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AOL UK has taken off the gloves and given BT a bloody nose over its new pricing policy for its wholesale SurfTime product. Speaking exclusively to The Register, Matt Peacock, director of corporate communications at AOL UK, explains why BT's latest offering will be rejected by ISPs in Britain. Peacock's statement to BT: "This proposed product only covers the cost of half of the Internet call -- as far as the local exchange. It does not cover the other half of the call, from the local exchange to the regional exchange (DMSU), which is the point at which the connection to an ISP begins. In other words, contrary to BT's headline in their press release that this is "unlimited Internet access with no hidden charges", there are additional charges -- payable to BT -- for connecting from the local exchange to the DMSU. BT isn't paying for this bit of the call, it expects the ISP to do so. BT has not yet told the industry exactly what those additional costs will be -- so ISPs have no way of working out how this business model will affect their plans. And of course ISPs have not had a say in how they feel about this proposal in advance of today's announcement. So, BT wants to charge the consumer an unmetered fee of £20 per month to connect to the local exchange -- and it wants to charge ISPs an as-yet-undisclosed tariff (but probably metered on a per-minute basis) to connect from the local exchange to the regional exchange (DMSU). There is no competition in this offering -- BT is the sole supplier. That's bad news for the industry, and ultimately bad news for consumers. How can ISPs negotiate for the most competitive offering on behalf of consumers when there is no open competition amongst telcos at this level? This proposed product is available only from BT, which controls the connection from the doorstep to the local exchange of 85 per cent of the UK residential market. The connection from the local exchange to the regional exchange is also owned by BT. Competing telcos can lease capacity here, but at great cost and with limited viability. If ISPs don't like these options, they can of course buy modems in the local exchange. Er... from BT. There is no wholesale tariff for competing telcos. Competing telcos cannot take up this pricing structure and better it -- thereby denying ISPs the ability to leverage competition in the telco marketplace to the benefit of consumers. This proposed product has been announced even though the regulator (Oftel) is still considering it and has yet to pass judgement. This is the third time in five months that BT has announced the delivery of unmetered access. In that context, we would expect the regulator (and the industry) to examine this new proposal very carefully.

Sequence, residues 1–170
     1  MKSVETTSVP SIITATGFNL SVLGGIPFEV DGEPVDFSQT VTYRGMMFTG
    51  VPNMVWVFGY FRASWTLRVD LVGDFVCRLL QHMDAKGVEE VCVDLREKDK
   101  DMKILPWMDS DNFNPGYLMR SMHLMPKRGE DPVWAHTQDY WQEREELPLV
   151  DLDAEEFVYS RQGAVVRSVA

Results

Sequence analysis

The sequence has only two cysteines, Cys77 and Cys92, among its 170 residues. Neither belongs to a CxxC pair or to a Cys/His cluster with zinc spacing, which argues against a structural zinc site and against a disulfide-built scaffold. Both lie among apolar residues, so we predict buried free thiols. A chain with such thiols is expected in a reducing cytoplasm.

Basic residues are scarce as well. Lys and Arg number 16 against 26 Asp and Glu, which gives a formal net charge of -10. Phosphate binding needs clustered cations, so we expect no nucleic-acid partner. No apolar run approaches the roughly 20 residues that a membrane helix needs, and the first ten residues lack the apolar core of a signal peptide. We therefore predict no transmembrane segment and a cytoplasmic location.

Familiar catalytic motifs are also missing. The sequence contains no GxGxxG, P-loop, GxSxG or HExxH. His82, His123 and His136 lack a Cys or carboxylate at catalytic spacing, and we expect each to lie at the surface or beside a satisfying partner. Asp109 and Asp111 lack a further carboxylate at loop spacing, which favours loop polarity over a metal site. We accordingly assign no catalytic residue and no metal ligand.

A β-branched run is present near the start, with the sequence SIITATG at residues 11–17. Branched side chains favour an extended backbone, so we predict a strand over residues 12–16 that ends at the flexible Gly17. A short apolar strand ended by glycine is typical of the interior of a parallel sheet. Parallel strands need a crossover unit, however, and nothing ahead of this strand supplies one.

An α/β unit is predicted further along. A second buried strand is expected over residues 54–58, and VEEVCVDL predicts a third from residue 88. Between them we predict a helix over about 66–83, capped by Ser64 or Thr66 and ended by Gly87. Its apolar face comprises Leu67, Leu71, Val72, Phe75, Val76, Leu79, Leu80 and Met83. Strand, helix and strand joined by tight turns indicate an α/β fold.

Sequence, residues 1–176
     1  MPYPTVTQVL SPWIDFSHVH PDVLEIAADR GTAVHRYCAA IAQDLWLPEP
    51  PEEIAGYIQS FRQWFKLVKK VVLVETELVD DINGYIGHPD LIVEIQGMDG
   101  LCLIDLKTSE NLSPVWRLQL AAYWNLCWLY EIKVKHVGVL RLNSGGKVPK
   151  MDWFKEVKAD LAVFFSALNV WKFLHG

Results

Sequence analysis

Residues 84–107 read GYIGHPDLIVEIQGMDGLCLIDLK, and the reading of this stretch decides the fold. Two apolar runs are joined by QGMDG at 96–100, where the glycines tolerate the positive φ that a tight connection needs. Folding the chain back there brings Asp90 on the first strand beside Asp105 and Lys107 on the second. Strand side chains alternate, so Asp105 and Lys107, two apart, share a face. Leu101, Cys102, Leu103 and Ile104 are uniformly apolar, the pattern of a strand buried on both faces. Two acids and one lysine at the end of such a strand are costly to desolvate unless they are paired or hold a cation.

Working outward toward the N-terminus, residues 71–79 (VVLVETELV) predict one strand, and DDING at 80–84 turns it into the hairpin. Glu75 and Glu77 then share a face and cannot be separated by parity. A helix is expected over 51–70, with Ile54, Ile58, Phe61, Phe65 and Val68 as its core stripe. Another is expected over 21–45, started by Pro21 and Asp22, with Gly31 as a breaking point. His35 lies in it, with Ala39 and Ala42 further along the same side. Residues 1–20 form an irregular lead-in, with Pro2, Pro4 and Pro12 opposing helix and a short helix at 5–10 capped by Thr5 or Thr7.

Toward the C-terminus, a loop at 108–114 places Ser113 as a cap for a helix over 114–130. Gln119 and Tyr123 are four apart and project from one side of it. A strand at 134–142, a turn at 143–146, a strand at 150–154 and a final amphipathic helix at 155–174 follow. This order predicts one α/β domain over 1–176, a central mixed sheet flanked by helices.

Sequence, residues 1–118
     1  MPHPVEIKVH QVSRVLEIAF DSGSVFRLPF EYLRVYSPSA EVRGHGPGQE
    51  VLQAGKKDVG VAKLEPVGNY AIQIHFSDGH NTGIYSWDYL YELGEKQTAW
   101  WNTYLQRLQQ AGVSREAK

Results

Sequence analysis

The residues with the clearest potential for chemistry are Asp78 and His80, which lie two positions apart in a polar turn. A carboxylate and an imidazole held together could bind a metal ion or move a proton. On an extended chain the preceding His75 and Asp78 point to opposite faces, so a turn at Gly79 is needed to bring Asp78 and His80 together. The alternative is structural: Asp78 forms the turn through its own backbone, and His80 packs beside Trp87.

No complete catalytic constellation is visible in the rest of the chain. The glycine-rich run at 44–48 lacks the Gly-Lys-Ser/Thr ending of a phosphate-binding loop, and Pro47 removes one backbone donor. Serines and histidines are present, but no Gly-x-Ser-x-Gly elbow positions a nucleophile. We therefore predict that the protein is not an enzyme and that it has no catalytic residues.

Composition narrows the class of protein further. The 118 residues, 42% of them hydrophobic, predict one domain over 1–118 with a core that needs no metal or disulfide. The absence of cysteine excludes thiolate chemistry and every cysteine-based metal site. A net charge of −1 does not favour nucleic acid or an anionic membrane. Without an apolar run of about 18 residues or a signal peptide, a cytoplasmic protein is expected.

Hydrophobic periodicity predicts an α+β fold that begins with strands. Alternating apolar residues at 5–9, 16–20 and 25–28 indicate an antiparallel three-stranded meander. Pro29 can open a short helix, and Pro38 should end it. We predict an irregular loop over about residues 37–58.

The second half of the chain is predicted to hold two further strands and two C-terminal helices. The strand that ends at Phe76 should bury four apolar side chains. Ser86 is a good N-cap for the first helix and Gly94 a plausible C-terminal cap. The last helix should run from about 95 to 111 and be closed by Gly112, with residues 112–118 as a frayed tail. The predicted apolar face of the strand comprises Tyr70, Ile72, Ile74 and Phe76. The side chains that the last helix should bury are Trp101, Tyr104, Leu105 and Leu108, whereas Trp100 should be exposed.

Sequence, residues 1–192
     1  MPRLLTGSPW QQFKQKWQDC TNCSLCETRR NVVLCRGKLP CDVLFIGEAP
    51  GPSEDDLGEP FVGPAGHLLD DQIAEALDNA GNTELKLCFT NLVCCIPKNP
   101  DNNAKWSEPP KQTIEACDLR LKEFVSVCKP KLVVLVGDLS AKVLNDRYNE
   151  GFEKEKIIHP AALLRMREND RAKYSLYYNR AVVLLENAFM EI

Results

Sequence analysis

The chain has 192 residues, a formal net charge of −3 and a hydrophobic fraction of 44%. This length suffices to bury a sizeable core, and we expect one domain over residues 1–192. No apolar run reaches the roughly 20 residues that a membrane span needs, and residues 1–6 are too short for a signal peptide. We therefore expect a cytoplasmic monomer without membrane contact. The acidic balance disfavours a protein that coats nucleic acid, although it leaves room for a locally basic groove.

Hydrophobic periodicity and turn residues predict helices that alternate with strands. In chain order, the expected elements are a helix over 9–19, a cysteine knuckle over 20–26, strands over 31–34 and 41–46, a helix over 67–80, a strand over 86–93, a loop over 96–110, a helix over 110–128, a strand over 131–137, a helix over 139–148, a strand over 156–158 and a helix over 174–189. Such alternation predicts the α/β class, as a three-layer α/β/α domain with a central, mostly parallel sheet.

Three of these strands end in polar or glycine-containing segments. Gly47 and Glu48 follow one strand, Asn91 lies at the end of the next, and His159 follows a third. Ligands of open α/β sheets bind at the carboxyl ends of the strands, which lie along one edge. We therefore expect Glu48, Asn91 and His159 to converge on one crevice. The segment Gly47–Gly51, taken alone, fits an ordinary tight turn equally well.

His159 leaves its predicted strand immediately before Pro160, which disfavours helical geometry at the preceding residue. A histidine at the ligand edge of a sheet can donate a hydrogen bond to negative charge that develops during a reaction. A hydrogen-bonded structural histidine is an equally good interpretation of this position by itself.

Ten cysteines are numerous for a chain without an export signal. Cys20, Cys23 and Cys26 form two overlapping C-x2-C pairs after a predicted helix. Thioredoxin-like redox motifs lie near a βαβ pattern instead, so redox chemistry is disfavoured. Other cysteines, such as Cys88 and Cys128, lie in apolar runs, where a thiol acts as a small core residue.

• The first announcement, last November, turned out to be a mirage. It wasn't unmetered -- it wasn't even good value metered - and quickly disappeared from view.
  • The second announcement (SurfTime), one month later, quickly evaporated once the industry and regulator began to look closely at the model. One of the reasons that offering ran into the sand was the absence of a wholesale tariff. Guess what? This new offering doesn't include a wholesale tariff either...
  • Now we have today's announcement, which covers only half the cost of the call, doesn't yet explain how much the other half might cost, assumes that ISPs will take on that undisclosed cost without securing any advance indication from them that they are willing or able to do so, isn't available from any competitor, hasn't been approved by the regulator, and has added substantially to the already profound level of consumer confusion. Apart from that, it's just great. For 18 months now AOL UK has fought for simple, transparent, cost-effective, robust, competitive and sustainable unmetered Internet access for UK consumers. Where is the transparency here? How is this cost-effective and simple for consumers to understand? How does this compare to the simplicity of a typical $20 per month flat-rate Internet telephone access fee paid by US consumers? Answer: badly." If BT would like to respond to these criticisms The Register and its readers would be delighted to hear what it has to say. ®

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